Warming shifts the thermal optimum of net photosynthesis (ToptA) to higher temperatures. However, our knowledge of this shift is mainly derived from seedlings grown in greenhouses under ambient atmospheric carbon dioxide (CO2) conditions. It is unclear whether shifts in ToptA of field-grown trees will keep pace with the temperatures predicted for the 21st century under elevated atmospheric CO2 concentrations. Here, using a whole-ecosystem warming controlled experiment under either ambient or elevated CO2 levels, we show that ToptA of mature boreal conifers increased with warming. However, shifts in ToptA did not keep pace with warming as ToptA only increased by 0.26–0.35 °C per 1 °C of warming. Net photosynthetic rates estimated at the mean growth temperature increased with warming in elevated CO2 spruce, while remaining constant in ambient CO2 spruce and in both ambient CO2 and elevated CO2 tamarack with warming. Although shifts in ToptA of these two species are insufficient to keep pace with warming, these boreal conifers can thermally acclimate photosynthesis to maintain carbon uptake in future air temperatures.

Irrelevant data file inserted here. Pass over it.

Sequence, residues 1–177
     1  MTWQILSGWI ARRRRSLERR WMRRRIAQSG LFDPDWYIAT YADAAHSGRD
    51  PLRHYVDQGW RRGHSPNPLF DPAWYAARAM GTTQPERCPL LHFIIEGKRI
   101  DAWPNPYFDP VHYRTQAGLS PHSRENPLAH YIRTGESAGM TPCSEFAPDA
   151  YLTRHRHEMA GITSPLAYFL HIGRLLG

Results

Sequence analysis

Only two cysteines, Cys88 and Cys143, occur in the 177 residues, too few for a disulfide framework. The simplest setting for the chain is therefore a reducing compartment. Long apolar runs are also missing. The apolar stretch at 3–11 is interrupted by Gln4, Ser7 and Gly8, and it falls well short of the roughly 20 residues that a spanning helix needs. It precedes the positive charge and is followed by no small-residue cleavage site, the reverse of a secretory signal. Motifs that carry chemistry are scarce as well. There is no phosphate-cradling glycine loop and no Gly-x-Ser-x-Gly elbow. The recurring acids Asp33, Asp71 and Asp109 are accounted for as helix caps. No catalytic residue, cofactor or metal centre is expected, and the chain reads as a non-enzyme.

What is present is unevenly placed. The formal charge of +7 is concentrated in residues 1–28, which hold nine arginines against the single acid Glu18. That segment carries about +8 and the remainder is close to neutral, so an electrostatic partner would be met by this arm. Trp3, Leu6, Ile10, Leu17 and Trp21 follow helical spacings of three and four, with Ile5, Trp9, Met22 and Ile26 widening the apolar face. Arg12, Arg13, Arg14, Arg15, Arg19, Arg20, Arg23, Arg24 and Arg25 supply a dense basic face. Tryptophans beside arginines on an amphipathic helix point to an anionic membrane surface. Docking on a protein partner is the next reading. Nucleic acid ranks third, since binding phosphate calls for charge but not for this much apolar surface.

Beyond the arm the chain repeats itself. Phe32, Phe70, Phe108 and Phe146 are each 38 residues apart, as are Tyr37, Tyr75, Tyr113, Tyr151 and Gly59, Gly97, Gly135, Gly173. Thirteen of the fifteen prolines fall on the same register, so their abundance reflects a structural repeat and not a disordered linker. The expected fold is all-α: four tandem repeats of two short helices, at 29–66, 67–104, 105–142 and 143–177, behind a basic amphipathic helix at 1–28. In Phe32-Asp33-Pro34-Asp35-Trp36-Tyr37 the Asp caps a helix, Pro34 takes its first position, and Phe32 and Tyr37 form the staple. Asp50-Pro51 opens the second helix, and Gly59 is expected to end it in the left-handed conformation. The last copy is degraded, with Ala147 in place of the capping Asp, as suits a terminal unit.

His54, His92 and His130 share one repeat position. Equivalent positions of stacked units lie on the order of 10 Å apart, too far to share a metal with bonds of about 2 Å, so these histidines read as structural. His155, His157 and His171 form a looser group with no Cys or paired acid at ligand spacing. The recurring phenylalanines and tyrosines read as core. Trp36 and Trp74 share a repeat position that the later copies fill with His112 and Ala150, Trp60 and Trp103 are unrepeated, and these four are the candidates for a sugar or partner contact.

|Title||Boreal conifers maintain carbon uptake with warming despite failure to track optimal temperatures|
|Authors||Mirindi E. Dusenge, Jeffery M. Warren, Peter B. Reich, Eric Ward, Bridget K. Murphy, Artur Stefanski, Raimundo Bermudez, Marisol Cruz, David A. McLennan, Anthony W. King, Rebecca A. Montgomery, Paul J. Hanson, Danielle A. Way|
|Publication Subtype||Journal Article|
|Series Title||Nature Communciations|
|Record Source||USGS Publications Warehouse|
|USGS Organization||Wetland and Aquatic Research Center|